“If we both agree, one of us isn’t needed,” he says. “I’m a firm believer that if your consultants are just yes men, there’s no point. Terry will push back, and we’ve never minded that.”
Backswath’s willingness to go above and beyond also brings value. Myron credits Backswath’s connections to lenders, specialized service providers and government program managers with making a major difference to his family’s business over the years.
As Myron Klassen looks around Klassen Agriventures today, he likes the progress made over the past 10 years. Backswath is proud to have a played a small part in their story.
“Backswath has been a good, steady presence for us in good times and in bad times,” says Myron. “Whether it’s connecting us with the right people, or using Farmcaster, or helping us look at our finances or succession planning – it’s been like day and night for our operation.”
“When something bad happens in farming, people have a choice. They can turn left and sell the business, or they can turn right and be creative.”
That’s Pat Cornell talking. She and her husband Kim operate Cornell Farms near Devlin, Ont., two hours south of Kenora. Founded in 1897 by Kim’s enterprising great-grandfather, the farm raises purebred and commercial cattle and sells natural beef products through regional farmers’ markets and online. The farm also has a grain component.
As Pat explains, the turning point in their time running the farm was the BSE crisis that started in mid-2003.
“We had been selling bred heifers to the Gaspésie region of Quebec, and doing well with it,” she says. “When that stopped because of BSE, we had an extra three truckloads of bred heifers. My father had run an abattoir and butcher shop, so I knew about the meat business. We had been dabbling in meat sales locally with three other partners. We decided to buy them out and ramp it up.”
The Cornells began selling meat products at farmers’ markets at Kenora, Sioux Lookout and Thunder Bay. The business grew significantly, earning Cornell Farms the Premier’s Agri-Food Innovation Excellence Award in 2008.
Working with Backswath
Back in the mid-1990s, Kim had contacted Backswath President Terry Betker about putting on a business management workshop for farmers in the area. That later led to Terry working with Cornell Farms, which he’s done the past 20 years. This work has included business management support, long-term strategic and business planning, support for intergenerational transition and more.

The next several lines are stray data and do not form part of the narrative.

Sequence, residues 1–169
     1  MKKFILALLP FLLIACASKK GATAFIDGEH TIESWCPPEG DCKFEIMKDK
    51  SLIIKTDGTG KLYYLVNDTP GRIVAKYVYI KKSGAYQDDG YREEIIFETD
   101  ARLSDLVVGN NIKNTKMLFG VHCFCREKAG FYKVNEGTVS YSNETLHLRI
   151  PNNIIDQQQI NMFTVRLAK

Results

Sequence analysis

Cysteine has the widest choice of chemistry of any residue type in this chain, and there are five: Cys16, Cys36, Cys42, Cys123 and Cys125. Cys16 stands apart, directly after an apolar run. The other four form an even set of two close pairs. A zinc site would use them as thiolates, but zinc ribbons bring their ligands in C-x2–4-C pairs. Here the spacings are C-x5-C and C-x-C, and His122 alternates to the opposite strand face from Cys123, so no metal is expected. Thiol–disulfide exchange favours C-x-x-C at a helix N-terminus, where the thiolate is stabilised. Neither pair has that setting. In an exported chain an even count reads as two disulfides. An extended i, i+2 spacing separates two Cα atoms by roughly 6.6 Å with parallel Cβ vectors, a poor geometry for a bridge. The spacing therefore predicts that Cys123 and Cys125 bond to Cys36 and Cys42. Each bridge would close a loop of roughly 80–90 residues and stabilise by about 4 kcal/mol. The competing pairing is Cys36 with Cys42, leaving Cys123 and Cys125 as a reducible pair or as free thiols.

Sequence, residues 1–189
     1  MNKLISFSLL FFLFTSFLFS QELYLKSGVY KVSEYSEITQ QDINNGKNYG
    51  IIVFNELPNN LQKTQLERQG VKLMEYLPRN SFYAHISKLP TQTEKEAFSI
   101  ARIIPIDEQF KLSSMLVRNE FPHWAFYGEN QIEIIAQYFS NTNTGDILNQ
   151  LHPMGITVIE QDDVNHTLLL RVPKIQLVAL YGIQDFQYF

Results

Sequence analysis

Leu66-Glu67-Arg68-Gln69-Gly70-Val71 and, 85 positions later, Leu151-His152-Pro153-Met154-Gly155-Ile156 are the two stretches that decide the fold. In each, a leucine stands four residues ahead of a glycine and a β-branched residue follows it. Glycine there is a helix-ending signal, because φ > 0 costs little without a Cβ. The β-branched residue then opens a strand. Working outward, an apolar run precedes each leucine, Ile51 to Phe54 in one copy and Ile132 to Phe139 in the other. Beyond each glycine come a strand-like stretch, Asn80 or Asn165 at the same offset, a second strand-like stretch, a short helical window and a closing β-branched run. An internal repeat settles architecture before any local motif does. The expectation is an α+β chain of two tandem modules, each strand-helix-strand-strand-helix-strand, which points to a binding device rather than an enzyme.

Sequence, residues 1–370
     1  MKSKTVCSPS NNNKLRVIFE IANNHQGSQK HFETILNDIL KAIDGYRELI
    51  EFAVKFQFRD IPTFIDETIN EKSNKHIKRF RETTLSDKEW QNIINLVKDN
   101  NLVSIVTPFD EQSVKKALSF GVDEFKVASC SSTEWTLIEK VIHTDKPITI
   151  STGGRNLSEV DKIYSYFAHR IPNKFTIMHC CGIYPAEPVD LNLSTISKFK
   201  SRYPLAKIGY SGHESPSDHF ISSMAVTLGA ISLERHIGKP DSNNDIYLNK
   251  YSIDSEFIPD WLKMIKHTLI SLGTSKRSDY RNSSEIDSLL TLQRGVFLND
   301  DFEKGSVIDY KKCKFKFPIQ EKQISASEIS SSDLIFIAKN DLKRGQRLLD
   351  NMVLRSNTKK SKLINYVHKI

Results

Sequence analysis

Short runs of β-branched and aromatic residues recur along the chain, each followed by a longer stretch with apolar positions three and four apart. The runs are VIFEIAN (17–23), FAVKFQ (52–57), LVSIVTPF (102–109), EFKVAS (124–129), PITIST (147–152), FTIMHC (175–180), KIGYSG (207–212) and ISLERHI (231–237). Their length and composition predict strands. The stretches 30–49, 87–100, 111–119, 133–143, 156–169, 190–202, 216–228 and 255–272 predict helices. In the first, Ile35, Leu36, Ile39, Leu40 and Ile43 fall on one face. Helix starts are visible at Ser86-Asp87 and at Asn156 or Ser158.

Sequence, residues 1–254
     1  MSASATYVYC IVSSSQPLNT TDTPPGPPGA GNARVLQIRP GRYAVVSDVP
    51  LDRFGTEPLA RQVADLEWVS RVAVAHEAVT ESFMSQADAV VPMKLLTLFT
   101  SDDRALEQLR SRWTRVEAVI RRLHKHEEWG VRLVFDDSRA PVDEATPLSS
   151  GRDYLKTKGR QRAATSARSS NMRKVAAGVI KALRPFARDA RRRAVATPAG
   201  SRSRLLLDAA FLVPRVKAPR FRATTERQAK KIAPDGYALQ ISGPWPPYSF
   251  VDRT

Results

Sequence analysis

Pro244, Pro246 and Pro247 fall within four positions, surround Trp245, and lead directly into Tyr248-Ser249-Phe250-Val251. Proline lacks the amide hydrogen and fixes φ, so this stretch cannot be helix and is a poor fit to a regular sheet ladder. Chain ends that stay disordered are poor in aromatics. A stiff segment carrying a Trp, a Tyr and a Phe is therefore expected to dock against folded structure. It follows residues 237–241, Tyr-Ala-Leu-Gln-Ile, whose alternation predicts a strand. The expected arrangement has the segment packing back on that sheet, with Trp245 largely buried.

As Pat explains, Backswath does more than provide expertise and experience.
“Terry has a way about him that is calming and reassuring,” she says. “Sometimes, when you are in the midst of change, you need that. You need someone who can strip away the emotional part of the farm business, but still understand and acknowledge that emotional part. When we need that, Terry’s the one we call.”
New horizons beckon
As Pat sees it, northwestern Ontario is an under-the-radar tourism destination that’s on the verge of being discovered in a big way by Canadians and Americans alike.
The Cornells started a new venture called Century Barn Brewery and Beverage Company, named for the 100+ year-old, lovingly restored barn on their farm. Century Barn Brewing will be located 20 minutes down the road in Fort Frances. The Cornells are currently seeking investors. Terry has been steady source of expertise throughout Century Barn Brewing’s planning journey.
The Cornells are also, with support from Terry, planning for how to involve the next generation in the farm and/or brewery. Son Garnet and his wife Michelle, and daughter Rebecca and her spouse Kelsey, could play key roles in the future. Discussions have been ongoing, and Pat is optimistic.
“Sometimes parents need to hold onto the vision,” she says, “until the next generation is ready to make their choice.”
While Pat believes the brewery is a promising investment, she’s also thinking about what it can do for economic development in northwestern Ontario. A modern craft brewery with a young vibe could be an important piece.
“We feel that the older generation needs to be generous to attract young people back to the community,” she says, “and young people want cool places to go.”
What will the future hold for Cornell Farms? As Pat sees it, she and Kim have no shortage of options and plenty of runway ahead of them.
“We like to think we have 20 to 25 years to go,” she says. “We are fortunate to have three young, well-trained women employees, which allows us more time to work on the business versus in the business. Kim and I are both visionary in nature, with some level of risk tolerance, so we think there are interesting times ahead.”
You can learn more about Cornell Farms, and subscribe to their newsletter, at cornellfarms.ca.